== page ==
Forthcoming Events

For a full and regularly updated list of events which reflect the research interests within the Centre, please follow our blog.


'Practising Recovery' an event jointly hosted by CHMEH and Publics & Practices in SSPC on Friday 29th April 9.00-10.30am.

Practicing recovery: new approaches and policy directions
Cameron Duff, Lena Theodoropoulou and Nicole Vitellone

This session sheds light on the variety of epistemological, methodological and policy-making practices that emerge in empirical studies of recovery from the use of alcohol and other drugs (AOD). The drug policy statements and the academic debates they generate, typically overlook the social, affective and material realities of learning to live with recovery as a complex daily practice. There are, as a result, only limited scholarly insights into how recovery is embodied, lived, contested and reframed as a distinctive, everyday practice of health and wellbeing (see Duff, 2016; Theodoropoulou, 2022).

Thinking about, in, and with the methodological problems and practices of engaging recovery, in this session we expand the meaning of recovery into unchartered terrain, and address some of the ways the practice, as well as methods, and concepts of researching recovery present new ways of understanding, investigating and practising recovery.

Associate Professor Cameron Duff, RMIT, Online International Visiting Fellow, SSPC, UoL.
Dr Lena Theodoropoulou, Lecturer in Drugs and Alcohol Studies, School of Education and Social Sciences, University of the West of Scotland.

Join Zoom Meeting

Meeting ID: 979 7367 3512
Passcode: Recovery!1


CHMEH Ivens Lecture 2022: Professor Allan Brandt, Enduring Stigma: Historical Perspectives on Disease Meanings and Their Impacts.

The Centre for Health, Medical and Environmental Humanites at the University of Liverpool, in association with Liverpool Medical Institute are pleased to host their annual public Ivens Lecture. Professor Allan Brandt (Amalie Moses Kass Professor of the History of Medicine and Professor of the History of Science at Harvard University) will be speaking on Wednesday 11th May, 17:00-18:30

This lecture will be held online via Zoom.

To register please visit Eventbrite

Stigmatized diseases and conditions constitute an enormous problem for individuals and groups who are subject to prejudice, discrimination, isolation, and the violation of basic human rights. Not only do the highly stereotyped assumptions, beliefs, and values attached to these diseases inflict multiple harms on those who find themselves in the shadow of stigma; it also has profound effects on access to services, health care and its delivery, as well as health systems and economies. Despite concerted efforts to reduce disease stigmas over the last century—and especially in recent decades—they continue to impact patients and remain a major obstacle to medical and public health efforts to improve health. This lecture will explore the history of the social, cultural, and political production of stigma as well as interventions and public policies for its reduction.

Allan BrandtAllan M. Brandt is the Amalie Moses Kass Professor of the History of Medicine and Professor of the History of Science at Harvard University, where he holds a joint appointment between the Faculty of Arts and Sciences and Harvard Medical School. Brandt served as Dean of the Graduate School of Arts and Sciences from 2008 to 2012. He earned his undergraduate degree at Brandeis University and a Ph.D. in American History from Columbia University. His work focuses on social and ethical aspects of health, disease, medical practices, and global health in the twentieth century. Brandt is the author of No Magic Bullet: A Social History of Venereal Disease in the United States since 1880 (1987); and co-editor of Morality and Health (1997).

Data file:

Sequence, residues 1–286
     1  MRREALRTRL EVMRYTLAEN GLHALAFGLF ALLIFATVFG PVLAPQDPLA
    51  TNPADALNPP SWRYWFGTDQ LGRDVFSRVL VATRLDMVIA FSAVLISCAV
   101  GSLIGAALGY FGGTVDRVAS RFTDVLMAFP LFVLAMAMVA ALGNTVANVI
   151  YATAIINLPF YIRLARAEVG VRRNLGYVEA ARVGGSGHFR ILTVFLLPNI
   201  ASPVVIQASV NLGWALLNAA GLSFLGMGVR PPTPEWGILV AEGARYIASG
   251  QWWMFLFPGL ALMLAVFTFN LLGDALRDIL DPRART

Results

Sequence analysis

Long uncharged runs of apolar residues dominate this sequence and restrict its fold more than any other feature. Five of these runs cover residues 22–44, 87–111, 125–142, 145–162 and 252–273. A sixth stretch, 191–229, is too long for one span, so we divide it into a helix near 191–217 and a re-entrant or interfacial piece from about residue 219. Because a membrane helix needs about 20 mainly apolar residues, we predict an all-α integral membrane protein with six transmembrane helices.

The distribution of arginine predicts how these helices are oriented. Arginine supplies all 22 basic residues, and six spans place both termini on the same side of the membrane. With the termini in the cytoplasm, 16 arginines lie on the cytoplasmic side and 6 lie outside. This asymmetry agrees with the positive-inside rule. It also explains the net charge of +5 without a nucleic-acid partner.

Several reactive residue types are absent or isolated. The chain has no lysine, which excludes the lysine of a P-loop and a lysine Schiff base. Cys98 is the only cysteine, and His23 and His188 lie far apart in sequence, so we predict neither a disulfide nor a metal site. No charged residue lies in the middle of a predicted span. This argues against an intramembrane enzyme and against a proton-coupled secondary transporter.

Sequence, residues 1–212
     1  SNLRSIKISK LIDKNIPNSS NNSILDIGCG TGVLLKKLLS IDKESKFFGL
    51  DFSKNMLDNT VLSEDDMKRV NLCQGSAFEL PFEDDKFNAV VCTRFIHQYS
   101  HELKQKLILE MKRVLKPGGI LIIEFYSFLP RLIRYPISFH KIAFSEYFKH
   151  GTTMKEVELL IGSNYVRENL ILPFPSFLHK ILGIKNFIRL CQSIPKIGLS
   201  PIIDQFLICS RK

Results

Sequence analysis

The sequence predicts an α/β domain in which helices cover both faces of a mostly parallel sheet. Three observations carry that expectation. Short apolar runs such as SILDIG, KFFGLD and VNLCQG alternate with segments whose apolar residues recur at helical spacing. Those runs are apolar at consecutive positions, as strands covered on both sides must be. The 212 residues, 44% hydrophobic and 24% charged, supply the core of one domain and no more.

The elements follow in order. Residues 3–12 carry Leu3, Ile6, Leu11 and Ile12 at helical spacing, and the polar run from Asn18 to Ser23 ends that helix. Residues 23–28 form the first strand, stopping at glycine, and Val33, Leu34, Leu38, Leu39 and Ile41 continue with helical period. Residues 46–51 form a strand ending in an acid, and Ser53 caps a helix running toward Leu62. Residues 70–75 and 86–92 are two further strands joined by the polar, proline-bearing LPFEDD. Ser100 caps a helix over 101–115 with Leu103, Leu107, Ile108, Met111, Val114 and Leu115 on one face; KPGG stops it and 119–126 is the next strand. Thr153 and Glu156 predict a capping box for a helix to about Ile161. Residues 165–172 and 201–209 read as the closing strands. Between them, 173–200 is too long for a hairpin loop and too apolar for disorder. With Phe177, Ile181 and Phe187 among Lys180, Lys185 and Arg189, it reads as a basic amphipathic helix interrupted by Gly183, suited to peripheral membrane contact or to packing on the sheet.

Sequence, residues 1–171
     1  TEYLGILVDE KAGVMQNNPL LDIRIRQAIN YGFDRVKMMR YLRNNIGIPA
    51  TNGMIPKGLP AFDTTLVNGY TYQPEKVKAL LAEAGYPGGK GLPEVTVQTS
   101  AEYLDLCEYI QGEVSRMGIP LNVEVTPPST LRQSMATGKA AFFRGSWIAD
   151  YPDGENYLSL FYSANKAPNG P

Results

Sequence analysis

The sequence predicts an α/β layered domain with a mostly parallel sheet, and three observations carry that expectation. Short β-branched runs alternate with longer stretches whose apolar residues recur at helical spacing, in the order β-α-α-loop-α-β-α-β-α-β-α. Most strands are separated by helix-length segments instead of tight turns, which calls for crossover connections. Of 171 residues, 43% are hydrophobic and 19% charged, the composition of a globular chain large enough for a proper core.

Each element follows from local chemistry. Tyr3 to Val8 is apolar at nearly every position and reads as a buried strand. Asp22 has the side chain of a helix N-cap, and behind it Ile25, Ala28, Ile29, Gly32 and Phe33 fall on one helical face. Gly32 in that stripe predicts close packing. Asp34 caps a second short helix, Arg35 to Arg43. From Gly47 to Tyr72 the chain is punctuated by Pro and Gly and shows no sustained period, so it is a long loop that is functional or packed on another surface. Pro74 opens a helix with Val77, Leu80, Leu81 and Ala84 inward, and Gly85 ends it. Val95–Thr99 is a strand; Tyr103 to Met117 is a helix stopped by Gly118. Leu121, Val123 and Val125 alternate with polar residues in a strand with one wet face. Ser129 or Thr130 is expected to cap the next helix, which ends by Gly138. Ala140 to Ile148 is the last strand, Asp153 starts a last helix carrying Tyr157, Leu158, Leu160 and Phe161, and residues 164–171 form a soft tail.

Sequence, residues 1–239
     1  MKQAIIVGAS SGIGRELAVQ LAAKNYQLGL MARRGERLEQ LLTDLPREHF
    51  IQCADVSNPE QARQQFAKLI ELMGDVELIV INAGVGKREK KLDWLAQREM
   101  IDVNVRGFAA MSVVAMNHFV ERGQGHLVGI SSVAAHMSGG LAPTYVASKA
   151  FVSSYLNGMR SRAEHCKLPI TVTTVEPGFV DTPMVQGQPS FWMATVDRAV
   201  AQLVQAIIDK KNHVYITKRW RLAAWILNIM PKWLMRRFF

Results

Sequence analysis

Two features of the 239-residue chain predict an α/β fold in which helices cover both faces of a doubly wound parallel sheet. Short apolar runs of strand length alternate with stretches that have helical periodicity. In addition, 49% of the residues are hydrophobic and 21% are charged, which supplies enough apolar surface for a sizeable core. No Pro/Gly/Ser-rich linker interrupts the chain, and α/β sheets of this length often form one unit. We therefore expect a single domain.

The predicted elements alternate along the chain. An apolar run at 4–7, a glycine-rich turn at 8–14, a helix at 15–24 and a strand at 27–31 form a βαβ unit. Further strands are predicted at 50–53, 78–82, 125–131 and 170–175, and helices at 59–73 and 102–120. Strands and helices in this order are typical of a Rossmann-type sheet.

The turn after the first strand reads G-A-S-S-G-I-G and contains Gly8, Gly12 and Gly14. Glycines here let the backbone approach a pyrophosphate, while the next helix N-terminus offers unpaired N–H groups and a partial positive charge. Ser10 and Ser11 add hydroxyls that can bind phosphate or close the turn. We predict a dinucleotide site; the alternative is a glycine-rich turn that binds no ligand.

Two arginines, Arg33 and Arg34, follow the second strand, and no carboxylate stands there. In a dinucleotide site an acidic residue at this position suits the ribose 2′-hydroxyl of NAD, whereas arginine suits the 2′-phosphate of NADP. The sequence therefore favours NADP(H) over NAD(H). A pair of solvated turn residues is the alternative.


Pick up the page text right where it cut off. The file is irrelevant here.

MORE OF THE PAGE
He has written on the social history of epidemic disease; the history of public health and health policy; and the history of human experimentation among other topics. His book on the social and cultural history of cigarette smoking in the U.S., The Cigarette Century: The Rise, Fall, and Deadly Persistence of the Product that Defined America, was published by Basic Books in 2007 (paperback, 2009). It received the Bancroft Prize from Columbia University in 2008 and the Welch Medal from the American Association for the History of Medicine in 2011. Brandt has been elected to the National Academy of Medicine and the American Academy of Arts and Sciences. In 2015 he was awarded the Everett Mendelsohn Excellence in Mentoring Award by the Harvard Graduate School of Arts and Sciences. Brandt is currently serving as the interim chair of the Department of Global Health and Social Medicine at Harvard Medical School. He is presently writing about the history and ethics of stigma and its impact on patients and health outcomes.


Health, Cultures & Societies MA

We are delighted to announce that the pedagogical counterpart to the Centre for Health, Medical and Environmental Humanities has now launched: the Health, Cultures & Societies MA.

The master’s in Health, Cultures and Societies provides an exciting opportunity to explore issues around health, illness, wellbeing, and medicine. Students on the MA will benefit from the opportunities and support that the Centre and its partners can offer such as in funding applications, postgraduate and early career development and in opportunities for public engagement.

To find out more about the new master’s programme, including module details please visit the Health, Cultures & Societies MA webpages.

For further questions about the MA please do not hesitate to contact the Programme Admissions Leads: Dr Georgia Petridou: Georgia.Petridou@liverpool.ac.uk and Professor Josie Billington: Jbilling@liverpool.ac.uk.